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J Am Acad Nurse Pract. 1997 Apr;9(4):187-92.

Calcium supplementation.

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  • 1University of Saskatchewan, Saskatoon, Canada.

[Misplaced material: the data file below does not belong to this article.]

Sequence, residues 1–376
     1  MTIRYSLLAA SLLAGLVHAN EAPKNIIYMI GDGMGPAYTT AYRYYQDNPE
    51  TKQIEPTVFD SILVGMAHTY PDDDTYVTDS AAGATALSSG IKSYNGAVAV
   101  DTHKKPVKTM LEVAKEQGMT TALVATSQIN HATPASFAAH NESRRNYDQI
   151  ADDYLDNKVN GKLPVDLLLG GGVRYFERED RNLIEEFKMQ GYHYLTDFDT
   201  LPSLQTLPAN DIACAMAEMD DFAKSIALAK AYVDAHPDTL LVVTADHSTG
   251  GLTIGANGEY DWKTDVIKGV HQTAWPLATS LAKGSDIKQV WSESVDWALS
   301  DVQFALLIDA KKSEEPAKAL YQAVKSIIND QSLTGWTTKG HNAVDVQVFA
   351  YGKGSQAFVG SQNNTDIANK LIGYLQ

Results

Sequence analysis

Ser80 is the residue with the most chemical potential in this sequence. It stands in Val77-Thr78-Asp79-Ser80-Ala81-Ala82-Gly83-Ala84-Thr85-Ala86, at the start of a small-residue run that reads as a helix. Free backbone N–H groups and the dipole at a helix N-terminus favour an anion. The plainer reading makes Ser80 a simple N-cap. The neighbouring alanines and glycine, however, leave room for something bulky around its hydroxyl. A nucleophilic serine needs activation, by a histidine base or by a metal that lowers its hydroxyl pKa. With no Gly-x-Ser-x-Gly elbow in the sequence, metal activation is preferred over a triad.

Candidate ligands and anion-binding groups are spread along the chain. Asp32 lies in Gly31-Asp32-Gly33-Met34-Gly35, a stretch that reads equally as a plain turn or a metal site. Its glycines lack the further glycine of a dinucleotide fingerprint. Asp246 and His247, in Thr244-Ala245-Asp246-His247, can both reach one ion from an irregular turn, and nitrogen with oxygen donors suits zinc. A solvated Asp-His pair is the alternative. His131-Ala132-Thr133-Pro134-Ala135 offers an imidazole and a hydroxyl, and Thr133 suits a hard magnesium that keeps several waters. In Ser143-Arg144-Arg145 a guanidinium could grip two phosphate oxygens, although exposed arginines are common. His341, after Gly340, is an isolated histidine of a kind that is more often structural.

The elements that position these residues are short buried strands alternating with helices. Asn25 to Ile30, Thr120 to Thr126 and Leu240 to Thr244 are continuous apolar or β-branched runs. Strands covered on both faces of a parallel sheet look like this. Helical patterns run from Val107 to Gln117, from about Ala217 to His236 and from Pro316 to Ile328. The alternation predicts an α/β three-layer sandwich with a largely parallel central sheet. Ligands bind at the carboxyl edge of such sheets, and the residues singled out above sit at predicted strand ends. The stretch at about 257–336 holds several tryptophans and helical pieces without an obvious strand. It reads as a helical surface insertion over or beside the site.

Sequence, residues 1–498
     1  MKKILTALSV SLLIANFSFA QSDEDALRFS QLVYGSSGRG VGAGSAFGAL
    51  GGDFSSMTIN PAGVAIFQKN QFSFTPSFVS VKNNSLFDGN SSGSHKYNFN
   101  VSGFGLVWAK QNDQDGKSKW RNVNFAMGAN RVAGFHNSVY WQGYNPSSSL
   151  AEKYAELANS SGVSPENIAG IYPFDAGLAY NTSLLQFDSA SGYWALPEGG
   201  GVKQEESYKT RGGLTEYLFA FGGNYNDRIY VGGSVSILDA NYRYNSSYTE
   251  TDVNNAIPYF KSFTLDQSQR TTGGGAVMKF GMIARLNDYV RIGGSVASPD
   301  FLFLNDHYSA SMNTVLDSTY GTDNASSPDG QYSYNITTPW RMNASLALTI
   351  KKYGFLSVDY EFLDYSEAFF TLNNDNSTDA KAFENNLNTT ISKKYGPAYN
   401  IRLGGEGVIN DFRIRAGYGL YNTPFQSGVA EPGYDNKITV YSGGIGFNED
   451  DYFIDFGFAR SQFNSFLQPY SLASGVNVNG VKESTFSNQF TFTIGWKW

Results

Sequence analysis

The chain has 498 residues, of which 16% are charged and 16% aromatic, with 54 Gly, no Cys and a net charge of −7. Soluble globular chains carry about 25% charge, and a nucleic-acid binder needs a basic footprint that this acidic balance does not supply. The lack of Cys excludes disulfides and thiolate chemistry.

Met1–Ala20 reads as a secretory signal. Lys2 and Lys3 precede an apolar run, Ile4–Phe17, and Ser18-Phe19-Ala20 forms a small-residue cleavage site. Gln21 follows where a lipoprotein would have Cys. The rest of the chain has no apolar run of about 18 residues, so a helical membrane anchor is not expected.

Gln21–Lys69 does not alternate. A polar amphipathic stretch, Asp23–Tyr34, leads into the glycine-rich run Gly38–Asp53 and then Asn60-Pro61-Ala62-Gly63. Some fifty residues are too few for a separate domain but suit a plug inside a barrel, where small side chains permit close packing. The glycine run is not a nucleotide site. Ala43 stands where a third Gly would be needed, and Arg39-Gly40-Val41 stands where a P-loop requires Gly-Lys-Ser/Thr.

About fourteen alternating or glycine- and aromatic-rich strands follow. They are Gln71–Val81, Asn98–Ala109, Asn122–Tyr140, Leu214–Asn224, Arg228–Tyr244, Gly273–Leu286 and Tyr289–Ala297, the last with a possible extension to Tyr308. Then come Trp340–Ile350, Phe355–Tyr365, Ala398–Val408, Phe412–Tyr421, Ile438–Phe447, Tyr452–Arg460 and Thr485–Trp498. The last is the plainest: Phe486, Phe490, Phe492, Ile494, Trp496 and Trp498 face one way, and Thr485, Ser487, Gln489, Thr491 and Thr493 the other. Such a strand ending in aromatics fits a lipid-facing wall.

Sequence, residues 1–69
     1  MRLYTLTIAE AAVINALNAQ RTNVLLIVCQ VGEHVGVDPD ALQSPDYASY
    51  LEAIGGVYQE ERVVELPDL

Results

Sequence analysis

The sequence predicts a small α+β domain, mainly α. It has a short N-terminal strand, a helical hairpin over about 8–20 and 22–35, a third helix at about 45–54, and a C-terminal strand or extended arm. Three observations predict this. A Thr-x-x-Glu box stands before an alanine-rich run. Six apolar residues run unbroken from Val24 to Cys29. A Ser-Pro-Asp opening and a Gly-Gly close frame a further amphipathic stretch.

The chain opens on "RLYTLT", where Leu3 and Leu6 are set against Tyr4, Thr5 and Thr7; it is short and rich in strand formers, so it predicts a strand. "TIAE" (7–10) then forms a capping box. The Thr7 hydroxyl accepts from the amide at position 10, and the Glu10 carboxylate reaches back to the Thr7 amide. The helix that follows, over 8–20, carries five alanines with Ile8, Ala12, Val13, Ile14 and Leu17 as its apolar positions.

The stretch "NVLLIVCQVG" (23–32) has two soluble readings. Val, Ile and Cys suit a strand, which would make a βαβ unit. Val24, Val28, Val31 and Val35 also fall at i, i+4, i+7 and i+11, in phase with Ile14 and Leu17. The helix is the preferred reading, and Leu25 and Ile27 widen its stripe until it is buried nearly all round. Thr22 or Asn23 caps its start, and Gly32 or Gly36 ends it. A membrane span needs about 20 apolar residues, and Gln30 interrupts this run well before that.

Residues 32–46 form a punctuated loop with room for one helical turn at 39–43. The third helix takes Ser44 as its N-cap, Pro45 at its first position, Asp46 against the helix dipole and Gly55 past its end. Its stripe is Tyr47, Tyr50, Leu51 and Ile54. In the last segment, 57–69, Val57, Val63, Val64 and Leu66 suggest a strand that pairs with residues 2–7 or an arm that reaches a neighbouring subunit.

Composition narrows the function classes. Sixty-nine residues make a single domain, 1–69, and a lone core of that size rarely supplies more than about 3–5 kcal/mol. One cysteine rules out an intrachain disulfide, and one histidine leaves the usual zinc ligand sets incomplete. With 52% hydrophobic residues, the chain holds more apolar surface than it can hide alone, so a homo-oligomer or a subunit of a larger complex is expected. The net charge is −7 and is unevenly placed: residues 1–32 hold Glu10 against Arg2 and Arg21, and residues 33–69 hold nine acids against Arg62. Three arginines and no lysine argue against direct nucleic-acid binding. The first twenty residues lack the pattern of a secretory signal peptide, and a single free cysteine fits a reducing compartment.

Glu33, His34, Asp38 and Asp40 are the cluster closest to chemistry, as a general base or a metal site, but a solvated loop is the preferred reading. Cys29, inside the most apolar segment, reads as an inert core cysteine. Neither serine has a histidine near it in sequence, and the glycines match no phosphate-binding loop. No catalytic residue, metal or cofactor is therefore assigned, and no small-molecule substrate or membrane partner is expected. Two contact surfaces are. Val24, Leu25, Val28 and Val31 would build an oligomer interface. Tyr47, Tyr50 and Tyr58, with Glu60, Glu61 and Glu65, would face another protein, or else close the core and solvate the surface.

Calcium is necessary for the prevention and treatment of diseases such as osteoporosis, hypertension, and, possibly, colon cancer. Supplementation is useful when dietary calcium intake is low, as is the current situation in North America. There are many factors to consider before recommending any one form of supplement. A consideration for calcium carbonate tablets is whether the tablet disintegrates and whether or not a lack of food or acid in the stomach will hinder utilization. Other forms of calcium, particularly the chelated calcium salts, are better absorbed in fasting achlorhydric subjects but have less calcium per gram of supplement. Interaction of calcium with other mineral nutrients and the presence of contaminating metals has focused attention on safety. Based on present evidence, chelated calcium and refined calcium carbonate tablets (including those labeled as antacids) may be safely and effectively ingested by most people at doses generally recommended for treatment or prevention of osteoporosis. One should not exceed 2,000 mg of calcium, except at the advice of their health care provider, as inadvertent mineral deficiencies may arise. Persons at risk for developing milk-alkali syndrome, such as thiazide users and persons with renal failure, should be identified and monitored for alkalosis and hypercalcemia when using calcium supplements.

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